HOUSTON (AP) — A 7-year-old girl once cared for by a Texas woman convicted of murder after a fire at her home day care killed four children told jurors Thursday that the woman previously left several babies unattended while she took other children to a McDonald’s.
Jurors heard the child’s testimony during the punishment phase of Jessica Tata’s trial. She was found guilty Tuesday of one count of felony murder in the death of 16-month-old Elias Castillo and faces up to life in prison.
Prosecutors said the February 2011 fire that killed Elias started after Tata left a group of children alone with a pan of oil on a hot stove while she went shopping. Along with the four children who died, three were injured.
Tata’s attorneys say she never intended to hurt the children, who ranged in age from 16 months to 3 years old and she tried to save them.
Brighten Long, who was enrolled with her brother at Tata’s day care, told jurors that Tata had left children alone before. She said Tata once took her and several other children to eat at a McDonald’s but left some babies alone in her home. Prosecutors said this happened in July or August 2010.
“Did she leave the babies by themselves in the house when you went to McDonald’s?” prosecutor Connie Spence asked the girl.
“Yes,” said Brighten, who held a doll in her lap as she sat on the witness stand.
Brighten said Tata and the children brought the food back to the day care and “the babies were still in the cribs” when they returned. She did not say how many babies were left alone.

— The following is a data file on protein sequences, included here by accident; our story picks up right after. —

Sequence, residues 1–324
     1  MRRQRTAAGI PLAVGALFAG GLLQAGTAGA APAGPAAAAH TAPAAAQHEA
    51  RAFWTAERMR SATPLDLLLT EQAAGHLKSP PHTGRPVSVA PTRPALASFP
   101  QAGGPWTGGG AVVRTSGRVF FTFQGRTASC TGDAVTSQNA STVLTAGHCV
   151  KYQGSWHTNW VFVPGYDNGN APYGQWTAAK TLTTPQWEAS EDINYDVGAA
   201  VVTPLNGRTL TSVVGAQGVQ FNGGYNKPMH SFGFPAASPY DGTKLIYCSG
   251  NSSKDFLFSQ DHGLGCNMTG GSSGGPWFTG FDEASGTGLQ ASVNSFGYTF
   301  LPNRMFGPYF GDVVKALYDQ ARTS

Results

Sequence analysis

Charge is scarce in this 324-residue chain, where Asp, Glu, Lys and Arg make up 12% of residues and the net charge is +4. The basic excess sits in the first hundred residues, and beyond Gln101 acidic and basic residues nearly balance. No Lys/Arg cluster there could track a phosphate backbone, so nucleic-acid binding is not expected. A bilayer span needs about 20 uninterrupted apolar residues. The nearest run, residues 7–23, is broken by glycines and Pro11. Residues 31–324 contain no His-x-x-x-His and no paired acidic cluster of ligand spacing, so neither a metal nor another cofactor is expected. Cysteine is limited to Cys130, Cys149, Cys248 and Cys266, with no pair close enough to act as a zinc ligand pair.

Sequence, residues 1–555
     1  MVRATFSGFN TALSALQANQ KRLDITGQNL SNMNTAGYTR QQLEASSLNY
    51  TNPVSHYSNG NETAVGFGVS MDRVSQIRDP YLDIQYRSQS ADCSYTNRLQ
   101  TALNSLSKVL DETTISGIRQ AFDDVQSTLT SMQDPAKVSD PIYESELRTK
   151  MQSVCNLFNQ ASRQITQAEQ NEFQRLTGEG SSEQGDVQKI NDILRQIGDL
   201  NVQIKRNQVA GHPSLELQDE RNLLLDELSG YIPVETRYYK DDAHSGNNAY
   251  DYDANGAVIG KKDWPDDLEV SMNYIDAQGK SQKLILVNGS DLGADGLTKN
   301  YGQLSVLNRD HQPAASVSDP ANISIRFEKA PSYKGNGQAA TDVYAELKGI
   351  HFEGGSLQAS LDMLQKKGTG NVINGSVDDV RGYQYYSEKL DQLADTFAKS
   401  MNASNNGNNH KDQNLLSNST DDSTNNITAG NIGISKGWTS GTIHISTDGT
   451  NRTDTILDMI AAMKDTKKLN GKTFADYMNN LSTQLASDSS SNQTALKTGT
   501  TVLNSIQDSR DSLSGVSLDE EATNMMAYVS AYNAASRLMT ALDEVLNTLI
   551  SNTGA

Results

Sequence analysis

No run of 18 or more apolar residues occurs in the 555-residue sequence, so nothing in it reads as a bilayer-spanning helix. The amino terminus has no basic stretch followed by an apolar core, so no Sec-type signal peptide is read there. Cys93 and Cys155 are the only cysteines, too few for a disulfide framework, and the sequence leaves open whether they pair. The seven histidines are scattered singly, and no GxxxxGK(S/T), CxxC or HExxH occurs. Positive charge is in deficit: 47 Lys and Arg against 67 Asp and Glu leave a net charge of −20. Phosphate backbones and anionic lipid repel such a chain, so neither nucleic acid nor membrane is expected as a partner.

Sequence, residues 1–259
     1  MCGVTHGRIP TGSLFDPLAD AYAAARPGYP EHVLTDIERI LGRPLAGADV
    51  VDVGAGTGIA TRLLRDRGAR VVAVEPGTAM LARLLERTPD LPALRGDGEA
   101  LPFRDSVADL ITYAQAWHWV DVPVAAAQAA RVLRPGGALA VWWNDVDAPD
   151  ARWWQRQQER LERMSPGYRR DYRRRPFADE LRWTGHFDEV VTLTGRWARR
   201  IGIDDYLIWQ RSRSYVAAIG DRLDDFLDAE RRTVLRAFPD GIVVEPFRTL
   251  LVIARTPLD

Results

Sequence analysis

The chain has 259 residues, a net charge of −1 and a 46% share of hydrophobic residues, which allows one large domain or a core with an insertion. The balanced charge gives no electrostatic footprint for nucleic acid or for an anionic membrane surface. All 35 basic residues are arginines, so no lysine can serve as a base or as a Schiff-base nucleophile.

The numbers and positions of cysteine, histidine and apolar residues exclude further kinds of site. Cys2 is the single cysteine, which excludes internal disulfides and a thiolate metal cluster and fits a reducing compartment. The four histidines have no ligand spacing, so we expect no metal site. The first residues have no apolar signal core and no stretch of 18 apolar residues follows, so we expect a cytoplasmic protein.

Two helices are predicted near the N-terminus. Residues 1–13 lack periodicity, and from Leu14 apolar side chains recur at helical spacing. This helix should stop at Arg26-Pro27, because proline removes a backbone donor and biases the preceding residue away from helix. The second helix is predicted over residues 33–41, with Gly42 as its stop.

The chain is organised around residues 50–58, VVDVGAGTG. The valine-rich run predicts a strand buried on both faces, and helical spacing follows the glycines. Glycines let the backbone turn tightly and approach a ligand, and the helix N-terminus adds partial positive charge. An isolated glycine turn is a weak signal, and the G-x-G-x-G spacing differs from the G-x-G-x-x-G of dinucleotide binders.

Brighten’s mother, Holly Long, told jurors that after her daughter told her what happened, she pulled the girl and her brother out of Tata’s day care. The siblings were only in Tata’s care for two to three weeks, Long said.
Another witness, Lindsay Lay, said she tried to visit Tata’s day care between nine and 12 times in the fall of 2010, when she was considering using the facility for her then 8-year-old daughter. On several occasions, she knocked on the door and no one answered but she could hear children inside, she said. Tata’s day care van, which Lay had seen in the neighborhood, was not in the driveway.
“You could hear children playing. You could hear them laughing. You could hear them talking,” Lay said. “Nobody would answer the door.”
Lay said a woman she didn’t know answered the door once, but the woman couldn’t answer questions about the day care. Authorities say Tata was the only authorized employee of the day care.
Alfredo Galvan, a former investigator with the Texas Health and Human Services Commission, told jurors he investigated Tata, who had received food stamps from December 2007 to February 2011, and determined she had committed welfare fraud.
Tata underreported her income and wrongly received nearly $4,000 in benefits, Galvan said. She faces a theft charge in that case.
She also faces three additional felony murder and other charges in relation to the other children killed and injured in the fire.
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